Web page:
How has the music industry changed for you? How do you feel about the transition from selling physical music to streaming / downloading music?
Like many musicians, I like to hold a physical CD in my hand. But downloading and streaming music is still super convenient. We don't have to make payments in advance and we don't have to press CDs. On the other hand, you can no longer determine the prices yourself. I wish I could determine the sales of streams myself instead of accepting the default prices of Spotify or Apple Music. But income-wise and risk-wise, I'm much better at streaming than selling CDs. What's also nice is that you don't have to deal with returns anymore and basically the work has become easier. 


How has the music world changed for you and your label in the last 2 years in relation to the Corona Pandemic?
During the Corona crisis there were several requests that the radio stations should please play more tracks from German artists, because all live revenues were lost. I looked at my GEMA statement from last year and I only received half as much as the whole 8 years before. Accordingly, the radio stations have not only ignored this request, but have probably then played no more German artists at all. 
Unfortunately, the streams also became less, at least during the lockdown. I could see it quite well on my label: about 40% the music was streamed less, for the simple reason that also the stores were closed and music was often heard in bars, restaurants and pubs. I was also worried at the time, because we didn't have any live gigs anymore, streams were dropping rapidly and CDs weren't being sold either. So the Corona Pandemic had a big impact on my label. Thank god, it looks like it has normalized again from this summer onwards.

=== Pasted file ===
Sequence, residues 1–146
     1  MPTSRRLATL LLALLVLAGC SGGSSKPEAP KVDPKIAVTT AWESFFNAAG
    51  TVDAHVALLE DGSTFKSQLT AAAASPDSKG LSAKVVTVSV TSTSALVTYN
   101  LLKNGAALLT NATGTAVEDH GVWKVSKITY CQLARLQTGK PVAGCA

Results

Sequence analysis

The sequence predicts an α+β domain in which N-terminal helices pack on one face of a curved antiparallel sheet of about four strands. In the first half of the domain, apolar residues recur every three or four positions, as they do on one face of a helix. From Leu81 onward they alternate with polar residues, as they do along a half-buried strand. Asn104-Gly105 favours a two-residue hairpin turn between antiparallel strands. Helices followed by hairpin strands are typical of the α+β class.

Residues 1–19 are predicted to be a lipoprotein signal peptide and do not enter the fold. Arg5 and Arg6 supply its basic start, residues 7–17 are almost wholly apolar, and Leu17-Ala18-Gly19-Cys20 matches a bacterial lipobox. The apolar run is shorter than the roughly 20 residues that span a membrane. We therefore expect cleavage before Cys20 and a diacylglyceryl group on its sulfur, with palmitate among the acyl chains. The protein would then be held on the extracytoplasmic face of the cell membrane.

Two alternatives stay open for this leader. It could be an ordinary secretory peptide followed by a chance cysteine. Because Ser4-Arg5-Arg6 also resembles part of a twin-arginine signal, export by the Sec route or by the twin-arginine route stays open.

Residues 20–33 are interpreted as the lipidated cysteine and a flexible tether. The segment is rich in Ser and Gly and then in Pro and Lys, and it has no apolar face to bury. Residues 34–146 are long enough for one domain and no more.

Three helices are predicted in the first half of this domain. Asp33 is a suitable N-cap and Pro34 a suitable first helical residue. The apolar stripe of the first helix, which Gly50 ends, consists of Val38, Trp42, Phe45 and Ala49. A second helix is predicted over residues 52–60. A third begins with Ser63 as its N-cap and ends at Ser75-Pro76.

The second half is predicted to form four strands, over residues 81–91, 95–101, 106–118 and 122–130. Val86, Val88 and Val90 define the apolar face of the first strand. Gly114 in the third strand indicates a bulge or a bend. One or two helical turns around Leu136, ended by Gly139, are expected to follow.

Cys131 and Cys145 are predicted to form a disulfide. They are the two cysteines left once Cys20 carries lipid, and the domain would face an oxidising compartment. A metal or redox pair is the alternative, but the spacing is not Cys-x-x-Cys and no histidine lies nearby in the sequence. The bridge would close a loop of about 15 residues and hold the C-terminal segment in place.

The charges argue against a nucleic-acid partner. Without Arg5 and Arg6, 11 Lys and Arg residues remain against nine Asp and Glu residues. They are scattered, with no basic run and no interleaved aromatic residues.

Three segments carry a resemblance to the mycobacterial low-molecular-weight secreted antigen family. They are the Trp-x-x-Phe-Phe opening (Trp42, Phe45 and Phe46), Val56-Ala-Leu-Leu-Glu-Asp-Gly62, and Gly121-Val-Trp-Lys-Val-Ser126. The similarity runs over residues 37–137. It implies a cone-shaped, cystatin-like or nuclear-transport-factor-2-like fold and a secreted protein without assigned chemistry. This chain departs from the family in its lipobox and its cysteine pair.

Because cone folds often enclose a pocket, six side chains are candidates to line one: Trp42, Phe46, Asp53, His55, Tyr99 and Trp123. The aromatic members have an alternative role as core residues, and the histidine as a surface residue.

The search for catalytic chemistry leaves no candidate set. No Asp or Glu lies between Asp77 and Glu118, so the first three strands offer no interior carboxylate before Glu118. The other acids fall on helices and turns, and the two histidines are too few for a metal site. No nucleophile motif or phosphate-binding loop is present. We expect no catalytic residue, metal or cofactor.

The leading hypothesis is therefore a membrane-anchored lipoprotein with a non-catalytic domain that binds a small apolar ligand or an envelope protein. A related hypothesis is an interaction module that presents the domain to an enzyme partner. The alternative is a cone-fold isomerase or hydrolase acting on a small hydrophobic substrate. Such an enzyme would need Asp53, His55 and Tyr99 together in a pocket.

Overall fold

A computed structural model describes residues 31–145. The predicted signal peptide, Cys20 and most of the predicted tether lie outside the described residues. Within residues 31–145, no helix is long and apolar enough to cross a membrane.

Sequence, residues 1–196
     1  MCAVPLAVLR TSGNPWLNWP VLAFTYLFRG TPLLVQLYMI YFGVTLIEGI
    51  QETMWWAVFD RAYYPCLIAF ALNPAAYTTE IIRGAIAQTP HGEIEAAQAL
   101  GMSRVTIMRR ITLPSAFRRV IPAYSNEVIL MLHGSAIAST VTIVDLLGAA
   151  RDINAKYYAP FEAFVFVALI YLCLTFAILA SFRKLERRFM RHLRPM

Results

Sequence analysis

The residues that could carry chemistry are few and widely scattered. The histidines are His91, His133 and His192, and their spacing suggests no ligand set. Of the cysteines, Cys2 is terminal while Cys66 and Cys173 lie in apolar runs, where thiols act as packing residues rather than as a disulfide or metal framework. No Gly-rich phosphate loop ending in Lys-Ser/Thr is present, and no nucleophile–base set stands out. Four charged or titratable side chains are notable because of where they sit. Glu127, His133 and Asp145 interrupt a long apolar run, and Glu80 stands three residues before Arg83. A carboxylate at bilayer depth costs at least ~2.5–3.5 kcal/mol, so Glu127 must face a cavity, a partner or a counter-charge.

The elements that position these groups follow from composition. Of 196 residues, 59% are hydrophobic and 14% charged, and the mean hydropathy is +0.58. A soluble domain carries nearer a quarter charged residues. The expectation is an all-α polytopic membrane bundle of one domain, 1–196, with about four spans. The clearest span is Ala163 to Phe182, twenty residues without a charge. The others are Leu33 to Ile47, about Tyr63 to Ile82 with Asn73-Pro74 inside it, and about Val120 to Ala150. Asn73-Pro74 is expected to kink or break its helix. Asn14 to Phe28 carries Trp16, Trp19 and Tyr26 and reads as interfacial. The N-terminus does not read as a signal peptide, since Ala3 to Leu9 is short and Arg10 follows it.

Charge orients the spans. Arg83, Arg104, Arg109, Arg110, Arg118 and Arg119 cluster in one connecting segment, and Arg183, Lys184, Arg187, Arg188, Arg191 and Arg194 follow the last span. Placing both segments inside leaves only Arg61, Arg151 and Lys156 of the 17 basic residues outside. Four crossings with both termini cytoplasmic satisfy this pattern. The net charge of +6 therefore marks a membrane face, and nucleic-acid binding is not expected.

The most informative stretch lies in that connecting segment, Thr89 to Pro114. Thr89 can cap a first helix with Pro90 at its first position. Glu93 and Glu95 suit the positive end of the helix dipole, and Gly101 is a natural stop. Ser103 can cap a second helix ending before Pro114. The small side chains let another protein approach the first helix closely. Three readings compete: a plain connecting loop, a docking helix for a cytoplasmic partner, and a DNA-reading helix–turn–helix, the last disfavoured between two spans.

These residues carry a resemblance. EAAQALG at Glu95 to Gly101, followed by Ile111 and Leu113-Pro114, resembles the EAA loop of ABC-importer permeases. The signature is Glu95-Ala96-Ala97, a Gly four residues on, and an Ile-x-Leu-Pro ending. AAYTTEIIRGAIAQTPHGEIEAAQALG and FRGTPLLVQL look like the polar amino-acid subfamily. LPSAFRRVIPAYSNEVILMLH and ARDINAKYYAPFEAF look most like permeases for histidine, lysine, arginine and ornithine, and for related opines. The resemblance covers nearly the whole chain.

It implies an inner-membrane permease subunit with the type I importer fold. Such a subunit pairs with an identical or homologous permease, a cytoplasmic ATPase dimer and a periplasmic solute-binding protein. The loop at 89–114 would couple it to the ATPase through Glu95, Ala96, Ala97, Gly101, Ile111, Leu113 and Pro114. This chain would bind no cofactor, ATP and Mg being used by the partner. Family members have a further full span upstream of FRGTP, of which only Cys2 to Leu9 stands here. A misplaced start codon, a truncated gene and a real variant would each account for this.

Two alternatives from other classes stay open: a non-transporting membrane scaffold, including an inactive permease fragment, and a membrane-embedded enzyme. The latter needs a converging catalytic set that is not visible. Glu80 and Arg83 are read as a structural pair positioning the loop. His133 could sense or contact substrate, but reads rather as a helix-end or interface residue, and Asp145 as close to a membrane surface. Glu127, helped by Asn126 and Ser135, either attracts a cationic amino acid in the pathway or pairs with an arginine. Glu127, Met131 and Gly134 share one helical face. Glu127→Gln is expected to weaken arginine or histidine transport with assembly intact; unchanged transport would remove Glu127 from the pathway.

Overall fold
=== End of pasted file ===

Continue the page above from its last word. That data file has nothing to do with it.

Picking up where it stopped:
You are in our distribution with the label Glamjazz Records (Audiographics) and ChinChin Records. Which audience are you aiming for with your music?
In Spotify Analytic I can see that the peak of listeners are between 45-59 years old. This is also the experience we have from our live concerts. I would also tend to say that the average age of listeners is around 60. Sure we have younger listeners too, but on average they are a bit older.


Then one last question for today: Is there something in the music business that bothers you or that you like in particular?
When I'm on social media, it happens very often that everyone rants about GEMA and the streaming platforms. Sure, there's room for improvement here and there, but basically GEMA (and Spotify for example), make life easier for musicians. What I can't understand is when an artist complains about not having 1000 streams after two years and then blames Spotify for it. 
And that's exactly what makes the music world so special. You never know how your tracks will be received by the community. It happens regularly that an artist releases something on our site that I personally think is great, but in the end only a few people are interested in it. And it's also a phenomenon that we can't control or influence. Sometimes I think it's a pity that the artists blame it on the label manager or the stores themselves. However, the cooperation works well and as a musician I am grateful that music distributors, GEMA and music stores make the business with music easier.


A big thank you goes to Martin, who took the time to talk to us about his career as a musician despite his vacation. If you are also interested in sharing your story about your daily music business life, please contact us anytime.